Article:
Boat's captain hopes to inspire new solutions to combat climate change
In September of 2010, the Tûranor PlanetSolar left its mooring in Monaco with the intent of becoming the first solar-powered boat to circumnavigate the globe. Last Friday, May 4, the 115-foot long catamaran fulfilled its mission when it returned to the same harbour to the delight of its crew and onlookers.
"The MS Tûranor PlanetSolar is much more than a ship," Immo Stroeher, the the German entrepreneur who helped finance the $27 million vessel, told Wired. "It has become an ambassador of solar energy. The arrival in Monaco is only the start! We now have to take advantage of the fame of PlanetSolar in order to promote the use of solar energy."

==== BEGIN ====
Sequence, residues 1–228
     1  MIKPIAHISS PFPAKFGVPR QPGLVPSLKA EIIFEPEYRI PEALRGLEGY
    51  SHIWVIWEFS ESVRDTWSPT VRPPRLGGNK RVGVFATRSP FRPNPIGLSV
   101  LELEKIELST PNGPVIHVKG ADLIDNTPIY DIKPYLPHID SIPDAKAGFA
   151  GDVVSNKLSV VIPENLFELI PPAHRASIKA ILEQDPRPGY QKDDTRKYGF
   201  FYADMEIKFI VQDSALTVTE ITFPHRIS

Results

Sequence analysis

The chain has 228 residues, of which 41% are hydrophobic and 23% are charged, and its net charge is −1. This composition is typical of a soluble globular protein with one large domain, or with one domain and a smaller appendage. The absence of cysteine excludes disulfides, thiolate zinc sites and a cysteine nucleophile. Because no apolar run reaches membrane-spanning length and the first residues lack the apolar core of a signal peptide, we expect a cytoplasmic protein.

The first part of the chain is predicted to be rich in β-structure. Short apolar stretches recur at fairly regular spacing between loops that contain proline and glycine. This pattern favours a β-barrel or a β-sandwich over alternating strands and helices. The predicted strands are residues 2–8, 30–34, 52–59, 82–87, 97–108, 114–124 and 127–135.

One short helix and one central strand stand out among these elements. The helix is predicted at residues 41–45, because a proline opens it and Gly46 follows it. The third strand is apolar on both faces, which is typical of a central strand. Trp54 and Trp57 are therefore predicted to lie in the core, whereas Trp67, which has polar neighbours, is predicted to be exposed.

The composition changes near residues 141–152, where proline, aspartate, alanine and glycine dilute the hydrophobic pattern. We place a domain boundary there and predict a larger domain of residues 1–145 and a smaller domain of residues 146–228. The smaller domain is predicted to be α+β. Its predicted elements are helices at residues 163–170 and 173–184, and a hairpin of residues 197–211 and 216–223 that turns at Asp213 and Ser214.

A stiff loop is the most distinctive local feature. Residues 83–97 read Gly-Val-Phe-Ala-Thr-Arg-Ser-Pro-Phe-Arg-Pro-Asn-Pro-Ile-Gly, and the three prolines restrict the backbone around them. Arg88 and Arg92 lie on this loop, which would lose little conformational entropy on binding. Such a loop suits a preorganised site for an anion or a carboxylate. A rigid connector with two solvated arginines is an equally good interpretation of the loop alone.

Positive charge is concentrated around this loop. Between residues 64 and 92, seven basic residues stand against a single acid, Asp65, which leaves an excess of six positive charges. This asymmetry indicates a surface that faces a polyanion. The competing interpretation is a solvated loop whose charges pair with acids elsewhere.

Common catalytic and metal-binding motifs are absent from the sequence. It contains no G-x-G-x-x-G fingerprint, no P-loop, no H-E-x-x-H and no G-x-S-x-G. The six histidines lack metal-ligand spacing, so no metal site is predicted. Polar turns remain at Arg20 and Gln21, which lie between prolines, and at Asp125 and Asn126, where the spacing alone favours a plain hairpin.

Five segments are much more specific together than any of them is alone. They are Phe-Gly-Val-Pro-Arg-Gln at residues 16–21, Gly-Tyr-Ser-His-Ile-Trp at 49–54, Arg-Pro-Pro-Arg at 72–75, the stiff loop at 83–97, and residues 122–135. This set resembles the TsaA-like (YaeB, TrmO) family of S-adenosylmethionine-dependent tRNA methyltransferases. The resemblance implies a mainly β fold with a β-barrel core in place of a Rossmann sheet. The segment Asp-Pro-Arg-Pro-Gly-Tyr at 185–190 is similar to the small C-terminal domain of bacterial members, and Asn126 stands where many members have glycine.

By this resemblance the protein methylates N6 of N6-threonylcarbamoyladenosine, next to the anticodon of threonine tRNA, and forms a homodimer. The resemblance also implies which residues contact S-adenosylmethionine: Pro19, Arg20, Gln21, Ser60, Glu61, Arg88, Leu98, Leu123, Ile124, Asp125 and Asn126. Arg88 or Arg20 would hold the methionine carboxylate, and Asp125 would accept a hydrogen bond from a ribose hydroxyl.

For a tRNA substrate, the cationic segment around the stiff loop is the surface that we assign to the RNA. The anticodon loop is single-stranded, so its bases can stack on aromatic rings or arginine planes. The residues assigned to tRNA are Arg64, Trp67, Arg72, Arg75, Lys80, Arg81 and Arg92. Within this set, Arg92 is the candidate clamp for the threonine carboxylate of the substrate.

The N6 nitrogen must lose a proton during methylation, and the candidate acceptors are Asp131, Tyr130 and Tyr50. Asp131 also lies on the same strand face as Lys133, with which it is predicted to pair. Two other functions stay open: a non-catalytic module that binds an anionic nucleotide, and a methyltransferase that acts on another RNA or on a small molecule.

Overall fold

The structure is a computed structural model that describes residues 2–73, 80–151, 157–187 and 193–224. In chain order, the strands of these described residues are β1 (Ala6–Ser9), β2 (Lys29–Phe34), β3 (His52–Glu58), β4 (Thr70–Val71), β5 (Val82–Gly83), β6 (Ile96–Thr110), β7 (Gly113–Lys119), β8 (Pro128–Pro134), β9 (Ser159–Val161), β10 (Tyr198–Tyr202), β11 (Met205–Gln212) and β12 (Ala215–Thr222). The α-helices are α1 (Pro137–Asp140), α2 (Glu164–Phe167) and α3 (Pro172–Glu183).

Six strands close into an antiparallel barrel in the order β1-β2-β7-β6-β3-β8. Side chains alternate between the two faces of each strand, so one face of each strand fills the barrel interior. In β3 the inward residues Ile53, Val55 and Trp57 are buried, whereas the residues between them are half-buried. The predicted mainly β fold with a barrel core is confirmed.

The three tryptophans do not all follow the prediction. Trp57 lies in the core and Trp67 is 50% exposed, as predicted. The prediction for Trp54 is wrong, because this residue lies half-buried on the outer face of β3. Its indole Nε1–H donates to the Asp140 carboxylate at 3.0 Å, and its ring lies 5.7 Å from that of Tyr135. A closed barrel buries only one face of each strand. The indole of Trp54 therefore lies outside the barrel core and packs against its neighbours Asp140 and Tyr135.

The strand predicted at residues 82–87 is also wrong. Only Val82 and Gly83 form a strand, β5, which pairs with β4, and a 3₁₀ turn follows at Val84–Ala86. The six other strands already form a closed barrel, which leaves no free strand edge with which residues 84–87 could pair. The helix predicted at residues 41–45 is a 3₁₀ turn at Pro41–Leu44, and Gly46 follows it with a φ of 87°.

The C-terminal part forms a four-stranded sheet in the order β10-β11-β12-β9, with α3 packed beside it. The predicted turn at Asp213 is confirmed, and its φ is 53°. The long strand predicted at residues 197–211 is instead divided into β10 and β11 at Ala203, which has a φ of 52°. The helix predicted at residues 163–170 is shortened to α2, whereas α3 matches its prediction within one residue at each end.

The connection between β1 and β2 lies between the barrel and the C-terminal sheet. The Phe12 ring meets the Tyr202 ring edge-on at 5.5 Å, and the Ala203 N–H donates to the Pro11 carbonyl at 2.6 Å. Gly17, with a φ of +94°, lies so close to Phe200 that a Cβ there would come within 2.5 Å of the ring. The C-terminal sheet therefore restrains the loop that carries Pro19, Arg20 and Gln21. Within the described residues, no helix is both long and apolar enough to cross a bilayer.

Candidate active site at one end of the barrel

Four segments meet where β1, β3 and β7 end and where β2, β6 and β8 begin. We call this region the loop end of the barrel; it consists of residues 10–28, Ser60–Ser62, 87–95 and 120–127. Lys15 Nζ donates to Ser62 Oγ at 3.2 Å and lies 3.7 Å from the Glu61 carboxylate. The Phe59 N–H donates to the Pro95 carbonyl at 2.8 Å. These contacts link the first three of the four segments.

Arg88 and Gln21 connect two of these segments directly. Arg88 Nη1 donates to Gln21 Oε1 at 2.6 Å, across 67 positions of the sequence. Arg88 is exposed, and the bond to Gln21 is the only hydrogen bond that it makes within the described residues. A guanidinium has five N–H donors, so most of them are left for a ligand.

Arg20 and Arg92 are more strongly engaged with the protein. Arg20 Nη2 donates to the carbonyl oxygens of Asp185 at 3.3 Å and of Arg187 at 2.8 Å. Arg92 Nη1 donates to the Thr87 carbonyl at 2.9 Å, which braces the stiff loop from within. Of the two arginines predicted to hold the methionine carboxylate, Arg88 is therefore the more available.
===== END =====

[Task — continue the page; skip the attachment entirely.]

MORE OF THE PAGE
The 38,000 silicon solar cells power everything on the boat -- from the motor to water systems to lighting -- except for a small propane cooking stove. Planetsolar can produce up to 500 or 600 kiloWatts per hour in good weather. That's enough to travel 186 miles when the battery is fully charged -- using engines no more powerful than those on a scooter.
Raphaël Domjan, the Swiss engineer who designed the boat and who serves as its captain, hopes that the historic 600-day journey will herald a new era in eco-friendly travel.
"We have everything at our disposal: the know-how, technology, raw materials and renewable energy to become sustainable and protect the planet," he said.
Photos: Turanor PlanetSolar